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Friday thoughts: Yeah pretty much

January 3, 2009

That 2-1 loss to Duluth was a not-unexpected result. Can’t be too upset about losing a one-goal game to a team like that, all things considered.

But where we take issue (and you knew we would) is the once-again infuriating way in which Lowell, which has now lost four straight, did it. After Maury Edwards took an apparently dubious interference penalty — and keep in mind we’re back here in Lowell, not out in Chicago, and as such cannot speak with any great authority on the veracity of the great Bob Ellis‘ penalty explanations as he tends to be a wee bit biased — and Lowell was then assessed a bench minor, apparently for someone saying something untoward about the call within earshot of the official. Now, we don’t know what was said or by who, and we don’t know whether or not the initial penalty was indeed valid. However, we do know that a penalty of that type (specifically “unnecessary”) led to the 5-on-3 power play for Duluth, which in turn led to the game-winning goal from Justin Fontaine.

Now, you can say what want about Lowell’s inability to put more than one puck past Alex Stalock, who stood on his head for the third straight game against Lowell and made 27 saves to earn the win, but the game was of course lost the second Lowell gave up the two-man advantage to a team with something like the fifth-ranked power play in the country. Of course they were going to score.

In his pregame interview, Blaise MacDonald talked a little bit about what it takes for one-goal losses to become wins or, at the very least, ties. Here’s one idea: stop going two men down.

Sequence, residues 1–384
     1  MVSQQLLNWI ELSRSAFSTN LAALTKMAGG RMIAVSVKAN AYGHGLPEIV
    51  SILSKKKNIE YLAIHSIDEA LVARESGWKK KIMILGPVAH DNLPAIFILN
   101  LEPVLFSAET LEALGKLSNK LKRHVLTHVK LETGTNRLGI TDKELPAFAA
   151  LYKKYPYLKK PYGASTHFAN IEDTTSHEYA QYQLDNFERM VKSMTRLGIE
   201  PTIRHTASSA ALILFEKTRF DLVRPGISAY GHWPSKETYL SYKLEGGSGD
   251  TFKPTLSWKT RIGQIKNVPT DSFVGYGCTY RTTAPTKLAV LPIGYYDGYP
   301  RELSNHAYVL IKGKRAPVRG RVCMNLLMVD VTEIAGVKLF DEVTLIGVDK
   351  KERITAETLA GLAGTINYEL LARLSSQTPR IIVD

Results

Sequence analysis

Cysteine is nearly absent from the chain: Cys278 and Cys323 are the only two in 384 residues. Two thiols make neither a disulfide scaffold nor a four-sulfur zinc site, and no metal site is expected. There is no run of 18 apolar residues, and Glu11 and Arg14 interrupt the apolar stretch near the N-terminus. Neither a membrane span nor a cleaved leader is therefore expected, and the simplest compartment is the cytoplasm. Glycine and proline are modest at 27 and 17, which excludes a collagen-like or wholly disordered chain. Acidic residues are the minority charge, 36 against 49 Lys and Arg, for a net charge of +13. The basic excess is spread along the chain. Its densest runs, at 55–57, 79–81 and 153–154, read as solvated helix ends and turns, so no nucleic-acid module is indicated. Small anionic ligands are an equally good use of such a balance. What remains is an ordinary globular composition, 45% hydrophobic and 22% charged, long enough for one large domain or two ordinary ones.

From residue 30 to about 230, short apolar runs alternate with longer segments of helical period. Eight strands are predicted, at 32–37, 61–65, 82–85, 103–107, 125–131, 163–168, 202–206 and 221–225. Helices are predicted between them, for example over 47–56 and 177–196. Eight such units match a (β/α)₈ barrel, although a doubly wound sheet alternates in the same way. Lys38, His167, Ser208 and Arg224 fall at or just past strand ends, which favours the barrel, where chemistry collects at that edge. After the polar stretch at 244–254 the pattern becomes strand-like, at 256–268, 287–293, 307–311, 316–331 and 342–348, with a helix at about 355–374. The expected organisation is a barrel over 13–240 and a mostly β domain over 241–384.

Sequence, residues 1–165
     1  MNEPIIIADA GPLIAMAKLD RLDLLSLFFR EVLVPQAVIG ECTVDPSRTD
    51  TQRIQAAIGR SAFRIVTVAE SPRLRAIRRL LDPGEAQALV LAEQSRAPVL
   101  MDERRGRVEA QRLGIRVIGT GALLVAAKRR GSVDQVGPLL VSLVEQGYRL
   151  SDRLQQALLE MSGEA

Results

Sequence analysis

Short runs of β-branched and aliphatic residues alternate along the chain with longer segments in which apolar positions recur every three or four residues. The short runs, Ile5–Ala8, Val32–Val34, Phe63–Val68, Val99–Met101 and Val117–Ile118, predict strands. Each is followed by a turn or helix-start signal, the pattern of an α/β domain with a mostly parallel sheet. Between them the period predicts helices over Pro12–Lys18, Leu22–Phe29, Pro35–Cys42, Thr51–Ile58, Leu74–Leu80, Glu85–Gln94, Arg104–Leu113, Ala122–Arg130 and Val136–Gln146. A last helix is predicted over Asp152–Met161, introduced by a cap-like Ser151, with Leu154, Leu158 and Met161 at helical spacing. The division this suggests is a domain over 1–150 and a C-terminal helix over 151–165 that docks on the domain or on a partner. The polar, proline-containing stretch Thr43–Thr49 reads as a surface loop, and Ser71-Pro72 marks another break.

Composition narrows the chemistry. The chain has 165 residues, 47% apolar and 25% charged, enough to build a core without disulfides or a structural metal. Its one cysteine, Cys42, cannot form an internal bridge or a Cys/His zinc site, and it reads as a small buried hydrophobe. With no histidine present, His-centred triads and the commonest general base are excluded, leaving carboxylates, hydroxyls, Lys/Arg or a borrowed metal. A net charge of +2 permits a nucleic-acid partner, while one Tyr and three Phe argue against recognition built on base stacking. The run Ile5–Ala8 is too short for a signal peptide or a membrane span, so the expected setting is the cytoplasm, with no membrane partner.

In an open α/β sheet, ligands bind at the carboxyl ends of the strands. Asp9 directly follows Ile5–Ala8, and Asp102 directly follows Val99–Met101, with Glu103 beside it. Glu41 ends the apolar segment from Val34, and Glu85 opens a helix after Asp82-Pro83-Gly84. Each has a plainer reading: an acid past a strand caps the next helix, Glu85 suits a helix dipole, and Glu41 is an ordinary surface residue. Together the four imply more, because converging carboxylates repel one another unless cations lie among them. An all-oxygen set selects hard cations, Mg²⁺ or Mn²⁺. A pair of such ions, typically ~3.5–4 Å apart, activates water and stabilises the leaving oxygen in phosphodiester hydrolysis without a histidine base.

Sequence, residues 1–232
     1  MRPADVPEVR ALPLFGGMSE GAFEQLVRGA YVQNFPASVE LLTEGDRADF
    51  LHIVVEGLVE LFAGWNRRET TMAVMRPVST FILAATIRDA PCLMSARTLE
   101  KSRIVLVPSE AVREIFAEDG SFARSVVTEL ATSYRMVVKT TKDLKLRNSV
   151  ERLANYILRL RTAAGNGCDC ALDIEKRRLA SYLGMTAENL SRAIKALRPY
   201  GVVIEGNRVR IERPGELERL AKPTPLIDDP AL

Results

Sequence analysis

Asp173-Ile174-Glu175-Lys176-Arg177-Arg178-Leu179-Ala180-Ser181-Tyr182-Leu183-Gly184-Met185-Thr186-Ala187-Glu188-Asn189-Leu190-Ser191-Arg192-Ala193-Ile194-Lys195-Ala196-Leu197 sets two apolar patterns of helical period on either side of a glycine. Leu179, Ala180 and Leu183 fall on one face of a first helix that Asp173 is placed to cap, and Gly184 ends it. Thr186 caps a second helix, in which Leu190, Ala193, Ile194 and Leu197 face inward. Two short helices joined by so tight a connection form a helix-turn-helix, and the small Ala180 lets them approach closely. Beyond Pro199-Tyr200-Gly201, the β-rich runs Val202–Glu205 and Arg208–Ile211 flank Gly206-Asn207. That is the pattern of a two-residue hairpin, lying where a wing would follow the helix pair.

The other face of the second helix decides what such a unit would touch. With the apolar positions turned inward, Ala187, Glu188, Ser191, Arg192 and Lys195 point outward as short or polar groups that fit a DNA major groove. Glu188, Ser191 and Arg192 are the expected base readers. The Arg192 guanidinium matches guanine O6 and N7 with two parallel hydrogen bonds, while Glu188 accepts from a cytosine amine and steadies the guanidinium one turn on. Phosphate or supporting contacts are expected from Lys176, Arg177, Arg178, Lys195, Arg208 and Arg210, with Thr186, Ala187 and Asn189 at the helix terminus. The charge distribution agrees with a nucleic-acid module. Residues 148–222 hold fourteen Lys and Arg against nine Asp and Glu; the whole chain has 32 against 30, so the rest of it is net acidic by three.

This was the fifth goal against Lowell this year on a two-man advantage. Fifth. The other games in which this has taken place are the 2-1 loss at Michigan State (in which the Spartans scored on both of the resultant power plays), the 8-3 win against UNH, the 3-1 win at Merrimack, the 6-3 win against RIT, and obviously tonight’s 2-1 loss. In all, they’ve gone down to 5-on-3 seven times and have successfull killed two off just two, and one of those was a mere four seconds. It was fortiuitous that only three of these goals mattered. The one at MSU tied the game in the third period, the one at Merrimack made the game 1-1 early in the second before Lowell pulled away and tonight’s obviously cost the ‘Hawks the game.

Giving up a two-man advantage is something Lowell does more often than most Hockey East teams combined. Every in-league team has conceded fewer 5-on-3 goals than Lowell. To wit:

UNH and Vermont: 4
BC: 3
NU: 2
Maine, UMass, Merrimack and Providence: 1
BU: 0

Granted, it doesn’t really prove anything other than Lowell’s systemic and persistent lack of discipline when already down a man, but it’s incredibly frustrating that this has happened in a full 40ish percent of the River Hawks’ games so far and that it has cost them a pair of very winnable games. A 10-7 record looks a whole hell of a lot better than an 8-9 does, no?

Not a lot more to say about the game since we didn’t see it, but it did sound like Lowell had its chances and was simply unable to solve the ever-vexing Stalock, who has played in more than 50 straight games. It’s also worth noting that Kory Falite, who already had the team lead in shots by a wide margin, put 10 of Lowell’s 28 shots on goal by himself. And it must be the second half of the year, because Ben Holmstrom is scoring, and on the power play to boot. That’s very encouraging, particularly because it came on the power play and Lowell had been rather pedestrian of late in that department. Two last things: It’s shocking to see Ryan Blair finish a game minus-1, but it’s not at all shocking to see Scott Campbell win 67 percent of his faceoffs once again.

Lowell has Union tomorrow in the early game. Should be a good tuneup for the ol’ confidence as the ‘Hawks return to their Hockey East schedule with road games against Providence and BC.

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